Background When exogenous testosterone or treatments to elevate testosterone (human chorionic gonadotropin [HCG] or Clomid) are given to men with underlying familial and/or acquired thrombophilia, deep venous thrombosis and pulmonary embolism often occur, and may recur despite adequate anticoagulation if testosterone therapy is continued.
Case Presentation In a 55 year old white male, referred to us because of 4 thrombotic events, 3 despite adequate anticoagulation over a 5 year period, we assessed interactions between thrombophilia, exogenous testosterone therapy, and recurrent thrombosis. In 2009, despite low-normal serum testosterone 334 ng/dl (lower normal limit [LNL] 300 ng/dl.), he was given testosterone (TT) cypionate (50 mg/week) and HCG (500 units/week) for presumed hypogonadism. Ten months later, with supranormal serum T (1385 ng/dl, UNL 827 ng/dl) and estradiol (E2) 45 pg/ml (UNL 41 pg/ml), he had a pulmonary embolus (PE), and was then anticoagulated for 2 years (enoxaparin, then Coumadin). Four years later, on TT-HCG, he had his first deep venous thrombosis (DVT). TT was stopped, HCG continued; he was anticoagulated (enoxaparin, then Coumadin, then apixaban (Eliquis), then fondaparinux (Arixtra)). One year after his first DVT, on HCG, still on Arixtra, he had a second DVT (5/2015), was anticoagulated (enoxaparin+Coumadin), with a Greenfield filter placed, but 8 days later had a second PE. The Lupus anticoagulant was found to be present. After stopping HCG, and maintained on Coumadin, he has been free of further DVT-PE for 6 months.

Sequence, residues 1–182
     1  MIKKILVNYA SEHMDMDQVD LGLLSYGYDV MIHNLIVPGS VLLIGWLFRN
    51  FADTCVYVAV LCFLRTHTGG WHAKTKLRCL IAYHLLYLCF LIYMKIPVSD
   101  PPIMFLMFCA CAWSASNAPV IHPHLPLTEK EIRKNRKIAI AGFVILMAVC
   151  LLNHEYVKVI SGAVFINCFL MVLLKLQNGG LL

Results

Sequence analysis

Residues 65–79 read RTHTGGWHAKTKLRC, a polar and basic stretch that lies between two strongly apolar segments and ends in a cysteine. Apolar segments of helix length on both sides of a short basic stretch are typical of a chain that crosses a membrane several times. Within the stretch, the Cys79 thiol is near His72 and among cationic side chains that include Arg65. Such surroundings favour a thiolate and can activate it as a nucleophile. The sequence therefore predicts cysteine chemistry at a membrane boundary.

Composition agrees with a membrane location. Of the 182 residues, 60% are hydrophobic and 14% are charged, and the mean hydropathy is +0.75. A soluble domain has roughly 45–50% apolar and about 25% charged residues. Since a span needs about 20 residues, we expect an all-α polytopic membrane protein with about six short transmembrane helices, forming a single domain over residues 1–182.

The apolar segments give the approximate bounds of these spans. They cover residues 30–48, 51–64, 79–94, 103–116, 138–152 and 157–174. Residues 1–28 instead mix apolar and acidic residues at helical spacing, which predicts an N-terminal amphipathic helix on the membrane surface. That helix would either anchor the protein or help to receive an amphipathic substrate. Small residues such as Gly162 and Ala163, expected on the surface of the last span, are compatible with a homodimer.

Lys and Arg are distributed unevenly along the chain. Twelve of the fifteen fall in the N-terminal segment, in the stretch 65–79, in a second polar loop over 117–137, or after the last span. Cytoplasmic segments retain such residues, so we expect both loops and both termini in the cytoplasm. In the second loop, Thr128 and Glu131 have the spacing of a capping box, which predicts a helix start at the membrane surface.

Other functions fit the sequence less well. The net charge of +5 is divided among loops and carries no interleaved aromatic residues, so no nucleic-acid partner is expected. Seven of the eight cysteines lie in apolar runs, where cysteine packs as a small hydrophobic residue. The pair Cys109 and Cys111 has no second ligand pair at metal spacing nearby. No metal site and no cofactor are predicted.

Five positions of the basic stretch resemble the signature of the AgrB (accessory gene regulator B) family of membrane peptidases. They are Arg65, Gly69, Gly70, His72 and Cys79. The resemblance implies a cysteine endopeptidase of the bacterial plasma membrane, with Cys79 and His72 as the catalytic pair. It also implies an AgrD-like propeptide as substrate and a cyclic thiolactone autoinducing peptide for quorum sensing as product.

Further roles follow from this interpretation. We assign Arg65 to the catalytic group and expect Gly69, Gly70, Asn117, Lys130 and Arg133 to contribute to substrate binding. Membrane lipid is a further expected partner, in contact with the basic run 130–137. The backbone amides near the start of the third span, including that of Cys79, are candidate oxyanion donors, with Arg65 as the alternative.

Conclusion When DVT- PE occur on TT or HCG, in the presence of thrombophilia, TT- HCG should be stopped, lest DVT-PE reoccur despite concurrent anticoagulation.
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